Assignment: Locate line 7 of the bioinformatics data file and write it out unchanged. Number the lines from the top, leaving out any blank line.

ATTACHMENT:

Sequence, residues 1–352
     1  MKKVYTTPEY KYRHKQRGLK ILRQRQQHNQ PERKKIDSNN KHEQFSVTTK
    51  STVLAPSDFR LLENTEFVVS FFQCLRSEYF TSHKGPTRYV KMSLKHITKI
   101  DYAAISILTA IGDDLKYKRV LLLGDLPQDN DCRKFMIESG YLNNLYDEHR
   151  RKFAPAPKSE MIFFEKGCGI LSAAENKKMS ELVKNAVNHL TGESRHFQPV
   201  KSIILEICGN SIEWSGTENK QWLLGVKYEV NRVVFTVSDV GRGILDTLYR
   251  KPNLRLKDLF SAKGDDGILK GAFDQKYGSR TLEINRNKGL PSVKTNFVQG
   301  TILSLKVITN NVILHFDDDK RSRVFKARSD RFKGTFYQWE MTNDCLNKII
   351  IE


   251  KPNLRLKDLF SAKGDDGILK GAFDQKYGSR TLEINRNKGL PSVKTNFVQG